40 Tasting Notes
This one was surprisingly good. I was looking for a non-caffeine blend for my recently endless nights of staring at a screen. It’s a classic “fall” blend- cinnamon, hibiscus, apple, orange peel and chamomile (though it’s barely there) over a chicory base. I get just a hint of the alleged ginger, though more would be nice.
It is heavy on the cinnamon (real) and apple (slighly unnatural) and very fragrant, almost potpurri-like. I enjoy that, while some tea purists may not. I do recommend to drink it hot. The wet-doggy note (chicory? lurking marigold?) becomes more prominent as it cools down. Probably the cozy autumnal feelings this evokes are more pleasant than the actual drink, but the overall effect is quite nice and I find myself reaching for this more than I expected. At for around $3 per box, it’s economical if you’re looking for a decaf cinnamon/apple blend.
Flavors: Apple, Chicory, Cinnamon, Orange Zest
First thing I noticed the the very prominent fruit scent. It smells more “tropical” than just passionfruit, but is very pleasant- not a chemical type smell.
The leaves are tightly furled with some flower petals added, very nice quality. This one took a long time to unfurl, about 9 minutes. I kept tasting every minute or so after 5:00, but it was too weak. It seems too long, but 8-10 minutes was my sweet spot.
The taste is of an astringent tropical fruit over a mellow, slightly grassy oolong base. The astringent fruit flavour and oolong work well here to make a lovely, refreshing cup. I get in moods where I crave oolong, and this and their Peach version are both great. Not fussy to brew but very high-quality. They didn’t cut corners on this one- all the elements are top notch.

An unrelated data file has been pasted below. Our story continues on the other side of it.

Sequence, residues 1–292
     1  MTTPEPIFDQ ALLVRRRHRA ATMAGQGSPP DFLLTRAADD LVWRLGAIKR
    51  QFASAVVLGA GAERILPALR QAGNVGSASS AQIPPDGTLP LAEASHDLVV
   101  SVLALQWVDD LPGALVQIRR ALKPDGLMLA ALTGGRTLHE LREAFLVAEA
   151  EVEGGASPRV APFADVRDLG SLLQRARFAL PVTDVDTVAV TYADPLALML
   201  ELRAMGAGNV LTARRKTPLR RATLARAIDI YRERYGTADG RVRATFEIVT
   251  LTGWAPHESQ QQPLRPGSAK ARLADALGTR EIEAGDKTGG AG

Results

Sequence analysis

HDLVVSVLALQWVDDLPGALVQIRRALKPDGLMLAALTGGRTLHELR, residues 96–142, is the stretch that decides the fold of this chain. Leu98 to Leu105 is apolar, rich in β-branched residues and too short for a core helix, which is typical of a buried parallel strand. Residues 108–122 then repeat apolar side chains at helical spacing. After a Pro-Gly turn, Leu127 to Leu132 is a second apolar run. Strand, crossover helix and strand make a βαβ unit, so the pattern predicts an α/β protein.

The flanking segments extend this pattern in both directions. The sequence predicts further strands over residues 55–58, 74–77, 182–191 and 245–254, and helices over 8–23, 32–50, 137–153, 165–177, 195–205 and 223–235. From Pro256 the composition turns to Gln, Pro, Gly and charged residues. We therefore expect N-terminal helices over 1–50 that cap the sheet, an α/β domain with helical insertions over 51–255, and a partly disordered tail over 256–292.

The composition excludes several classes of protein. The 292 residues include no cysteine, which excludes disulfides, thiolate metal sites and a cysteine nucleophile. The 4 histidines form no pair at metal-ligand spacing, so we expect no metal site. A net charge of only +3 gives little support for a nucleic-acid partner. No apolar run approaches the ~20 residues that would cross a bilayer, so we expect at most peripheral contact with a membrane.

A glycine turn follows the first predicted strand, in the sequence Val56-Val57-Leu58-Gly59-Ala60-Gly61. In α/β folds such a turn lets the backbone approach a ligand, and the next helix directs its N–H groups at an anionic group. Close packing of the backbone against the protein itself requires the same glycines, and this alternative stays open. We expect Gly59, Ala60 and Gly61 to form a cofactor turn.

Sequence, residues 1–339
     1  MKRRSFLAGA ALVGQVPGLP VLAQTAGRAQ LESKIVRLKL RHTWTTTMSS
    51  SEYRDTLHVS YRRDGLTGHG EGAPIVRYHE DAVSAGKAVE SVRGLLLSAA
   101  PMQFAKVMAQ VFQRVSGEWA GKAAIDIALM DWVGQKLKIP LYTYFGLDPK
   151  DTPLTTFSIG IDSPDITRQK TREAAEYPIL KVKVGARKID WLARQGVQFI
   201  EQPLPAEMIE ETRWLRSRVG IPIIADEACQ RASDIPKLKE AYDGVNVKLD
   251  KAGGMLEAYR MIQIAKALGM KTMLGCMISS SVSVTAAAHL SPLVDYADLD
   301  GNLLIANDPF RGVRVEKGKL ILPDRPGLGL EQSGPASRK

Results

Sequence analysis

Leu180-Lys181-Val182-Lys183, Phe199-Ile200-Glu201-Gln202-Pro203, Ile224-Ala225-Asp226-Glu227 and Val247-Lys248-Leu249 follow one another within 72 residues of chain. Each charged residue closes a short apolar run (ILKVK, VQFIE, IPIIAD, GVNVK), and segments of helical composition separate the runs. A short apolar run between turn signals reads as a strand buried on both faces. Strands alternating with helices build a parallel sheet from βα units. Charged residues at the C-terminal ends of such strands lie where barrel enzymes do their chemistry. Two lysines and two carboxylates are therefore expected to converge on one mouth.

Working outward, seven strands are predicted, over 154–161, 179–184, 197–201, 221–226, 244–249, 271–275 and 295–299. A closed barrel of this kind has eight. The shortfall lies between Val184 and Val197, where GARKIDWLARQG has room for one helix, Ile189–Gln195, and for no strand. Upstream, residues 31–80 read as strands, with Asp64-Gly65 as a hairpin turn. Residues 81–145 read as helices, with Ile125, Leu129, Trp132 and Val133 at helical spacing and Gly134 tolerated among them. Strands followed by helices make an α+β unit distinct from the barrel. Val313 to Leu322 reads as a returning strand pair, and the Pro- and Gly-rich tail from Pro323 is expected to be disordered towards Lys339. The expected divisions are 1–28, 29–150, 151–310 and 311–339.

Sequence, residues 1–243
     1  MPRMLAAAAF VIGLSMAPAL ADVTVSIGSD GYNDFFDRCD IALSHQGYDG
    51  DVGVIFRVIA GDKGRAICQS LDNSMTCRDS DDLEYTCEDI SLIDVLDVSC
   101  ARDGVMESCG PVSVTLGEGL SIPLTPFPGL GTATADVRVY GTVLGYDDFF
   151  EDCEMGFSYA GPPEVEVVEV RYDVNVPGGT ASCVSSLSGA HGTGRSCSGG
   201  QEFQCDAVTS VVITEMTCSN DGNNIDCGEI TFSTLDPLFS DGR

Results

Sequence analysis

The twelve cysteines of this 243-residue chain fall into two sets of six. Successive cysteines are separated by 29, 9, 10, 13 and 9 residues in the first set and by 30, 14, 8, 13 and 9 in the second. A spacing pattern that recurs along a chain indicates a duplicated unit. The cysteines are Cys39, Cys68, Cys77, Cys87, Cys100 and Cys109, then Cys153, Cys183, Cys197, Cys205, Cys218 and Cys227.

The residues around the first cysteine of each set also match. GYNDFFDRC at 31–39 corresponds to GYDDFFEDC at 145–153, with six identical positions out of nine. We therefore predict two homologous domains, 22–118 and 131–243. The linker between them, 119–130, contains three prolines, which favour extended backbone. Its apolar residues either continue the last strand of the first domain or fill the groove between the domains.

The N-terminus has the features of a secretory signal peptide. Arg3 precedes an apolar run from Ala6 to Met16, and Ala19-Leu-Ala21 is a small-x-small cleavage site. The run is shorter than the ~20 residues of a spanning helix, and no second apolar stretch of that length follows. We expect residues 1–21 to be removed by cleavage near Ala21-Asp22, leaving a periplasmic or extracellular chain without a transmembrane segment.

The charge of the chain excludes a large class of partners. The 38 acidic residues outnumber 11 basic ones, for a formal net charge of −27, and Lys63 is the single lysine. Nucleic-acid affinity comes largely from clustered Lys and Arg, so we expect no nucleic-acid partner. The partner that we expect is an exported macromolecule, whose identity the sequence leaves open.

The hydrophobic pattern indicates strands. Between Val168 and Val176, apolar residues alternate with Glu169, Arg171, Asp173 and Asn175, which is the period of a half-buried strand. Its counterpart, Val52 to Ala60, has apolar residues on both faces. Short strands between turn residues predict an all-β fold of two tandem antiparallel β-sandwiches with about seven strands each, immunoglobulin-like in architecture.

Lupicia recommends this as iced tea, but I feel the oolong quality would not shine through cold brewed. Personally, I find chilling a hot cup too much trouble, so I’ll keep drinking it hot.
Flavors: Grassy, Passion Fruit, Tropical Fruit
A bog-standard (but very pricey for those of us outside the UK/EU) black tea. I have tried this at different temperatures/steeping times three times (the 3-5 minutes suggested seems far too long), but I keep coming up with: Pretentious Lipton for Wanna-Be Anglophiles in Brooklyn. There are a couple snooty tea joints in NYC that serve this to rave reviews, but you could totally swop it with Lipton and they’d be none the wiser.
It’s a perfectly serviceable cuppa and that smooth F&M DNA comes through but there is nothing noteworthy about it to me. More style than substance, though I am judging a bit more harshly than normal due to the very high price of F&M overseas.